- Depending upon the rules under which you are proceeding, it can sometimes be difficult to control improper or unethical behavior by the other side. This is especially true with clients representing themselves in pro per. There is no person with a robe and gavel to turn to in order to keep litigants and their attorneys in line.
- Arbitration typically lacks many of the procedural safeguards with which we are so familiar in the civil courts. Arbitration's lack of procedural formality can be a positive factor (e.g., in limiting preparation and presentation time, and in limiting the expenses of litigation generally), but it can also become problematic when, for example, your opponent becomes so enamored of the informal nature of the proceedings that he conveniently forgets he shouldn't tell the arbitrator that six months ago your client had already offered to settle this case for $50,000, or some other such inadmissible, irrelevant bit of evidence. Sometimes it can be more difficult to 'unring the bell' in arbitration than in the civil courts. Technically an arbitrator has the power to declare a 'mistrial,' but in practice it rarely if ever happens.
- Constitutional, public policy, or other 'cutting edge' legal issues often do not fare as well in arbitration as they do in court, for the same reasons.
- One is less likely to prevail with so-called 'procedural' or 'technical' defenses, such as the statute of limitations, partly because of human nature, and partly because arbitrators are allowed to focus on fairness, without having to follow the letter of the law.
- Solomon only threatened to do what arbitrators have a bad reputation for doing frequently: 'splitting the baby.' This reputation may not be as deserved as some think, but if you have a strong procedural or legal defense, or if victory for you is going to mean a harsh result for the other side, you may be better off in court.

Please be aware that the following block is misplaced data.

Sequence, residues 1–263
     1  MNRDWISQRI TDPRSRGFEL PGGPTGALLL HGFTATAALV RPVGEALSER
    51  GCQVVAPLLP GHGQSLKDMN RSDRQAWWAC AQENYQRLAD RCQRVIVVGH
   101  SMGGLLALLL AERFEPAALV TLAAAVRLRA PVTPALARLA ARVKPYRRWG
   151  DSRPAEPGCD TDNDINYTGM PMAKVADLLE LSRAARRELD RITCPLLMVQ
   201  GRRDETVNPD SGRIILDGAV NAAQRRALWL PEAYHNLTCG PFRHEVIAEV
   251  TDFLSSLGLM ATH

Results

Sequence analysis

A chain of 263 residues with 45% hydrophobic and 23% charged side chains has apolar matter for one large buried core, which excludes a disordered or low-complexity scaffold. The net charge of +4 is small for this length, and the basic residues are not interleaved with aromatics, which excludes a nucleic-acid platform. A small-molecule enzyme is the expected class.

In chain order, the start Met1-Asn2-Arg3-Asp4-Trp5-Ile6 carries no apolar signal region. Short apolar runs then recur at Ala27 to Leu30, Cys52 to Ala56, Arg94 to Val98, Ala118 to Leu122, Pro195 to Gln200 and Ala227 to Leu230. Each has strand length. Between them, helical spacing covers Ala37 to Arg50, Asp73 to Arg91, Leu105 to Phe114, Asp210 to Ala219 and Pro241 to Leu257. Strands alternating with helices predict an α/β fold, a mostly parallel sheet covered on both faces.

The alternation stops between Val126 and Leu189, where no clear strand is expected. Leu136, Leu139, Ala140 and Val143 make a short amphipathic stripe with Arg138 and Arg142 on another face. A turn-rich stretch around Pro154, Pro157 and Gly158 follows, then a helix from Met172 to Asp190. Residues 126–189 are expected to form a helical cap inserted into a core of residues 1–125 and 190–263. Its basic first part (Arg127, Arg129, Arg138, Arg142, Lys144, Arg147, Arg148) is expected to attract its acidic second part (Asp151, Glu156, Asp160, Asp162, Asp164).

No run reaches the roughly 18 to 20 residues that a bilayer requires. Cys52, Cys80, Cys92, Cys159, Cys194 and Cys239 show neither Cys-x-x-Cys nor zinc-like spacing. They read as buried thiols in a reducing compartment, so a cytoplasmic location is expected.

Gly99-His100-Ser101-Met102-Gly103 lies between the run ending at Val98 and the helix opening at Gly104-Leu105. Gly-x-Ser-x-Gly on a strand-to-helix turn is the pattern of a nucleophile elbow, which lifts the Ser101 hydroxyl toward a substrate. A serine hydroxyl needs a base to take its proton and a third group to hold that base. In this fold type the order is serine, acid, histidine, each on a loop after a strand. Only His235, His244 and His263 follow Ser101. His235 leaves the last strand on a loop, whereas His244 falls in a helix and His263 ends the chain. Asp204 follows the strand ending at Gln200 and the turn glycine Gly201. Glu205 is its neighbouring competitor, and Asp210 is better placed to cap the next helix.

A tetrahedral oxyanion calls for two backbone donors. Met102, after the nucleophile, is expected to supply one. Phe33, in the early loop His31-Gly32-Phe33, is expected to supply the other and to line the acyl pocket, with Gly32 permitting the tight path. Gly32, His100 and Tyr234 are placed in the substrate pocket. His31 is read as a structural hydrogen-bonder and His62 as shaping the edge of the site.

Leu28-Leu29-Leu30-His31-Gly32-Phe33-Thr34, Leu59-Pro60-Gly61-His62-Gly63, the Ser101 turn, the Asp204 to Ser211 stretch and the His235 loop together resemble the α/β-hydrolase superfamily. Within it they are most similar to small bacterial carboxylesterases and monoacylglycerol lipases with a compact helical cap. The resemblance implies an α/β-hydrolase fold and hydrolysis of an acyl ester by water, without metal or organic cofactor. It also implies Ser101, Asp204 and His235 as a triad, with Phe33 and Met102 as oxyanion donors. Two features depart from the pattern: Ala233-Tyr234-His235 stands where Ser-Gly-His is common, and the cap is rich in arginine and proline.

- Arbitration is not always quicker than going to court. The informality of arbitration can often speed cases to resolution, but it can also allow a case to drift -- and once that starts to happen, it can be difficult to get it back on track. I have seen arbitrations that would have been a three-day court trial last for nearly a year.
- Sometimes arbitration can become every bit as expensive as proceeding in court, particularly with a three-arbitrator panel. By the time you pay your own arbitrator and half the neutral arbitrator's bill, rent the office space for the arbitration to take place, and pay your attorney for reviewing his or her notes from the last three sessions which have taken place in bits and pieces over the last six months because of everyone's busy schedules, the bills can mount nearly as high as they might for a trial. This is a frequent client complaint, and something to watch out for when touting the benefits of arbitration to a client.
- The rules under which you are proceeding (or lack of understanding or consensus as to such rules) can often lead to unexpected results, delays and other procedural logjams (such as a detour in court to fight over just what is arbitrable and what is not). The rules of the road for court proceedings, as cumbersome as they are, are at least well-defined, more predictable and more familiar to all involved.